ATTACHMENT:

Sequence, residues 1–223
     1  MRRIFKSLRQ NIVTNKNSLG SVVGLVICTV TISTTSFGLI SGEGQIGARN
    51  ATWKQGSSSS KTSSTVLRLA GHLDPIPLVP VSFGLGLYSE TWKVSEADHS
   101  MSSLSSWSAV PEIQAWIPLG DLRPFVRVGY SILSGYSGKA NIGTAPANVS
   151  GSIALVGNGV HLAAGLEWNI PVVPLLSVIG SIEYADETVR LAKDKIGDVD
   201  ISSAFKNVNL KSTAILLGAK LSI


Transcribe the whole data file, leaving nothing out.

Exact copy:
Sequence, residues 1–223
     1  MRRIFKSLRQ NIVTNKNSLG SVVGLVICTV TISTTSFGLI SGEGQIGARN
    51  ATWKQGSSSS KTSSTVLRLA GHLDPIPLVP VSFGLGLYSE TWKVSEADHS
   101  MSSLSSWSAV PEIQAWIPLG DLRPFVRVGY SILSGYSGKA NIGTAPANVS
   151  GSIALVGNGV HLAAGLEWNI PVVPLLSVIG SIEYADETVR LAKDKIGDVD
   201  ISSAFKNVNL KSTAILLGAK LSI